There is not a moment in Nowhere Boy when director Sam Taylor-Wood displays anything less than the utmost respect for her subject. A not-so-much biopic as examination of John Lennon’s formative years, leading up to the time just before he went to Hamburg with what would become The Beatles takes the grueling childhood of its star and spins it into drama. ‘Oh,’ it purports, ‘the poor boy! The trials he faced wedged between two mother figures and with no father in his life!’ It almost plays like an answer to Lennon’s own song “Mother,” which plays over the end credits: “Mother, you had me, but I never had you.”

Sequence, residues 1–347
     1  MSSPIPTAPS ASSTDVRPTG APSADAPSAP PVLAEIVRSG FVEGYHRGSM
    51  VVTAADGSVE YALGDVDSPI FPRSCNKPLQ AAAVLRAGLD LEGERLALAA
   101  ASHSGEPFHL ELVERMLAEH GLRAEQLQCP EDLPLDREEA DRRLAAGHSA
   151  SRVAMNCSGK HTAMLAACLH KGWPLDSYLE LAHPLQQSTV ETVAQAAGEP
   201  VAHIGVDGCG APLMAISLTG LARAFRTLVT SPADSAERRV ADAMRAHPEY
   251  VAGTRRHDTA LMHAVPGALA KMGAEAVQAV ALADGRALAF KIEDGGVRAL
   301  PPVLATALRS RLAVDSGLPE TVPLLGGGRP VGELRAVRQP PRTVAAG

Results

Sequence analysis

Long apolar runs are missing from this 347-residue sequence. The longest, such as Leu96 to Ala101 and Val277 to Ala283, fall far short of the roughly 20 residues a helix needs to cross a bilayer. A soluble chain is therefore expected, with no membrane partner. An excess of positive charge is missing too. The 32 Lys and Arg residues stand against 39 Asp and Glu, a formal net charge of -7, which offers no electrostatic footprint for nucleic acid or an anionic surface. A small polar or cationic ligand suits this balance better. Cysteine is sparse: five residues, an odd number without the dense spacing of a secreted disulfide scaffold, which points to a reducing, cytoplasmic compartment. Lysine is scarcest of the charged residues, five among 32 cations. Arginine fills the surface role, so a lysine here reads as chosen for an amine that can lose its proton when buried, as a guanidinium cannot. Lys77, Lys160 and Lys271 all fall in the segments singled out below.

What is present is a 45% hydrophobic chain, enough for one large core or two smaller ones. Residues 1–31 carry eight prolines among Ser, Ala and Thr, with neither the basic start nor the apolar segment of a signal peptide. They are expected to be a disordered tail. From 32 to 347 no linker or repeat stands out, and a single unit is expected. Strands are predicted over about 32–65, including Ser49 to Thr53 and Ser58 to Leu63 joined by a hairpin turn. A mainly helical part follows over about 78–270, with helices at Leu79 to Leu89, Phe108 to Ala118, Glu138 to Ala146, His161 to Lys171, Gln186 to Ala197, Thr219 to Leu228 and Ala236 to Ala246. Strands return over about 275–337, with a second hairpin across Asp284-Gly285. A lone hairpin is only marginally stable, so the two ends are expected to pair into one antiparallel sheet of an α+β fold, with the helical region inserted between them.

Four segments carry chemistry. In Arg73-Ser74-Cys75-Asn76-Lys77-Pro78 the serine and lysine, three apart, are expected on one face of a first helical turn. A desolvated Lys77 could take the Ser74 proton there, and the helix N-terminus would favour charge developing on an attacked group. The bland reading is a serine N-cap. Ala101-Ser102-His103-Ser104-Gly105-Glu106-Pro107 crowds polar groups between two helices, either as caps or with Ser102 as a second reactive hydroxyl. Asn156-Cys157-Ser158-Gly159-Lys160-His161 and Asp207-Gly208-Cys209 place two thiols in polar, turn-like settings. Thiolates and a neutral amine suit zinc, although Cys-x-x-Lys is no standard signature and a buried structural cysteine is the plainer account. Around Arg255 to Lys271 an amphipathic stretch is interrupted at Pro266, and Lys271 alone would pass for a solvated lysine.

Times are tough for young Lennon. Or, so the film would have you believe. Here’s what Lennon himself had to say about his childhood: “This image of me being an orphan is garbage, because I was well protected by my auntie and uncle and they looked after me very well, thanks.” Taylor-Wood’s film is a pretty impressive accomplishment, a good introduction to those unfamiliar with one of the greatest and most prominent figures of the 20th Century. The central casting, in particular, falls just short of perfect. It strives harder than most for authenticity, both to its subject and its period. It also still trips up on the pratfalls of its genre: scrubbing up the key moments for drama points, and tending to re-arrange the life of its subject in order to fit director’s / screenwriter’s sanctimonious view.